LIDs And LIDVIDs
Sep 24, 2021
Part of a series on PDS4
Have you ever wondered how the PDS tracks and organizes all of the data in the archive? No? Well, we have. In the past, each dataset was tracked by each node and by its title. However, that didn’t allow for focused searching and easily finding data – thus, we updated our organization system when we created PDS4.
One of the great advantages of the PDS4 archiving standard is that every data product has a unique identifier called a LID (Logical Identifier) which makes it possible for everything in the PDS archive to be securely referenced. The LID is a well-defined character string unique to each product. Each PDS4 product also has a VID, or Version ID, to identify the specific version. The nuts and bolts of PDS4 provide structures to make different types of references between products with different kinds of relationships. The LIDs and VIDs are also used behind the scenes to support search so PDS can serve the desired data to users. Finally, the LIDVID (combined LID and VID) of a product provides a permanent identifier which will securely reference a specific version of a specific product over the lifetime of the PDS archive, perhaps hundreds of years.
Who Needs to Know About LIDs and Why?
Many data users may be able to get by without knowing much about LIDs and their structures, but knowing how to use them can be a real help. For example, the label of a calibrated data file will likely contain a internal LID references to the raw file it’s based on and the calibration files used to calibrate it. The user should be able to figure out how to map raw products onto calibrated products from the archive documentation, but being able to access this information directly could be very useful, and having the information available for computer code could be even more useful. In another example, data products can refer by LID to relevant documents. Knowing how to parse the LID reference can make it easier to find the relevant products and documents.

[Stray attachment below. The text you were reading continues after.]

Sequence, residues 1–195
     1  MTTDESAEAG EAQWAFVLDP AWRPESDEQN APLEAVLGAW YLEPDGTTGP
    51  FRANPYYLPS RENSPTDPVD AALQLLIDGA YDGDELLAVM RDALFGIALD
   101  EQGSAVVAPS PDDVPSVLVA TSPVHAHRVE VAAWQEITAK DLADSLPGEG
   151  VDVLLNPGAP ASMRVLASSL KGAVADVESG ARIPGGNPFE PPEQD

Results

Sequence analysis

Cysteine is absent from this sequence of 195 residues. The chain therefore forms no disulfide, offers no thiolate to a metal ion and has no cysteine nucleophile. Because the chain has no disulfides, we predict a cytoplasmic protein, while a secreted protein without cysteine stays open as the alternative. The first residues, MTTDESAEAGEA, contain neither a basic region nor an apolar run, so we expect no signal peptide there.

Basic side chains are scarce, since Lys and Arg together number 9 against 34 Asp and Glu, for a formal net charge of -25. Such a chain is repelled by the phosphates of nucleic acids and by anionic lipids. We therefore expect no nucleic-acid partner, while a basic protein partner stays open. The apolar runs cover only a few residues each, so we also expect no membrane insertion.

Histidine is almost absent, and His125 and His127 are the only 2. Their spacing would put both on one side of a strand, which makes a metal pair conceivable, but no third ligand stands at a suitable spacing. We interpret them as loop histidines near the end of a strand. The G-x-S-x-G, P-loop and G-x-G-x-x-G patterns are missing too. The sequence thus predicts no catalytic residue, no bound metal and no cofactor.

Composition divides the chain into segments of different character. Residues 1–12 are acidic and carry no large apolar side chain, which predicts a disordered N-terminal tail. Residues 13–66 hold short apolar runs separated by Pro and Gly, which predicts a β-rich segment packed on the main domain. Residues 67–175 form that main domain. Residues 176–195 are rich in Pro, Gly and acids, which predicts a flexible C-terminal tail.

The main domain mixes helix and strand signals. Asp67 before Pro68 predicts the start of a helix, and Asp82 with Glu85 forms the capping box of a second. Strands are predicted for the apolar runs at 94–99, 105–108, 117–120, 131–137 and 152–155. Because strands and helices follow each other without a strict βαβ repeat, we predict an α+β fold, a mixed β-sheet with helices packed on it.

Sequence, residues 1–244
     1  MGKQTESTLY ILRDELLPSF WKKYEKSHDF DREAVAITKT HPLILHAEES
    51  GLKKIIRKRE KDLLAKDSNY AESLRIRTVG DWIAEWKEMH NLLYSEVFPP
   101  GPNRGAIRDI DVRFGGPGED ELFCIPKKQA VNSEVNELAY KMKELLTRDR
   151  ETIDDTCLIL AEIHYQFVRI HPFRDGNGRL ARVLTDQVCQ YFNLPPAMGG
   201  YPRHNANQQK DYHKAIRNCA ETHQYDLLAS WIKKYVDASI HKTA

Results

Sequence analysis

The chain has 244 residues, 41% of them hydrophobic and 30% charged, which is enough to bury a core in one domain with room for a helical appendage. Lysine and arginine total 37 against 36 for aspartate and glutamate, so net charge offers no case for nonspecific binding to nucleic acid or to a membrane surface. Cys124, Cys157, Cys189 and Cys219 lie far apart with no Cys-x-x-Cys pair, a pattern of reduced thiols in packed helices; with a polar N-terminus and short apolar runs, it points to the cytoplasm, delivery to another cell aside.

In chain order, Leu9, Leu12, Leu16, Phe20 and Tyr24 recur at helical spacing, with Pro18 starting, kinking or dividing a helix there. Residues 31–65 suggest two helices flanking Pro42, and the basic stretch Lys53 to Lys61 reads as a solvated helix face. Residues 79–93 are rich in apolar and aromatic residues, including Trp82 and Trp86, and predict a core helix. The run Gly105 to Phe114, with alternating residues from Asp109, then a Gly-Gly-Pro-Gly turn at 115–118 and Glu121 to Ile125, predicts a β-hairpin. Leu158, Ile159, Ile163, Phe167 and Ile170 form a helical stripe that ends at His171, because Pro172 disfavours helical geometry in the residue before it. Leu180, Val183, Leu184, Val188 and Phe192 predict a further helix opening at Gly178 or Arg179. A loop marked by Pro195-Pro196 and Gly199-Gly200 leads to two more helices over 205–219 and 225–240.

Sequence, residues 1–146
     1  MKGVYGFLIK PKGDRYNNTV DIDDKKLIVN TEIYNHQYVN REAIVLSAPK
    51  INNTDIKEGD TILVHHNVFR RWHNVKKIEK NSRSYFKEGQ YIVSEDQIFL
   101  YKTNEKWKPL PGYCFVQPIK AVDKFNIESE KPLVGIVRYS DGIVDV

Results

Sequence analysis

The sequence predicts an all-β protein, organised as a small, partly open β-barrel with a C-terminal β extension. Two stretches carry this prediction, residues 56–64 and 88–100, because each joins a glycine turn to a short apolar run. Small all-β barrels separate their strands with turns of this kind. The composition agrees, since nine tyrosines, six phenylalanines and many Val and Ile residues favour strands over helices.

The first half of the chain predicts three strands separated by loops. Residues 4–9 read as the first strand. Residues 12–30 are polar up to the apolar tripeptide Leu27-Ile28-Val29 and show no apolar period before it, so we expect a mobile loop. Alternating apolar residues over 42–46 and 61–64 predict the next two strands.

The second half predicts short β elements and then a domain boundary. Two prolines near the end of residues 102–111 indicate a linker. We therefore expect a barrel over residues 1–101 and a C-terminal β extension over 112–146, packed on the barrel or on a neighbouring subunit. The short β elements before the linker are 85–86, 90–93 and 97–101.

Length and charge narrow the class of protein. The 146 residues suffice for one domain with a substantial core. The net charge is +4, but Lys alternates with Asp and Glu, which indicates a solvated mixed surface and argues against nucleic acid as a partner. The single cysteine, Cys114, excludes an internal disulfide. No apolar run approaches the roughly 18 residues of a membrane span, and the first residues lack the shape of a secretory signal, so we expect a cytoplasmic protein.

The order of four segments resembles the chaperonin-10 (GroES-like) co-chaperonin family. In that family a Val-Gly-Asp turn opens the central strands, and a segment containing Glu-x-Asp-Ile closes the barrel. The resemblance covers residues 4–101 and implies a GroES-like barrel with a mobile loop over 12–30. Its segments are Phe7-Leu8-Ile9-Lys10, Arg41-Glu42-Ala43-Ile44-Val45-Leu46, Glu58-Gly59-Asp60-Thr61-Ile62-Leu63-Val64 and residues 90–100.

Individual data providers using OLAF (On-Line Archiving Facility) don’t need to know about the LIDs because OLAF assigns them and implements them in all the products.
Data Providers, however, can gain significant benefit to understanding how to use the LIDs and how they apply to your own data set.
No Two are Alike - Namespaces Ensure Uniqueness
For the LID system to work, each LID must be unique across the entire universe of LIDs (which goes well beyond PDS). This ensures that a reference by LID always refers to a single well-identified product. Uniqueness is achieved by means of namespaces. To understand how this works, let’s look a little closer at the structure of a LID.
A LID is a string separated into substrings by colons. Here’s an example LID:
The alert reader will have spotted that the substrings are separated by colons except the last one, which uses a period. This is not a typo, read on…
The first substring, urn, is “universal resource name” and just specifies that this string is a LID. The second substring, nasa, specifies that this LID belongs to NASA. Since all NASA LIDs start with urn:nasa, they only have to be unique within NASA and don’t have to worry about LIDs assigned by other entities.
The next substring is pds, specifying that the LID is for a product archived at the Planetary Data System (PDS). LIDs starting with urn:nasa:pds only have to be unique within the PDS archive and don’t have to worry about conflicting with LIDs in other NASA archives.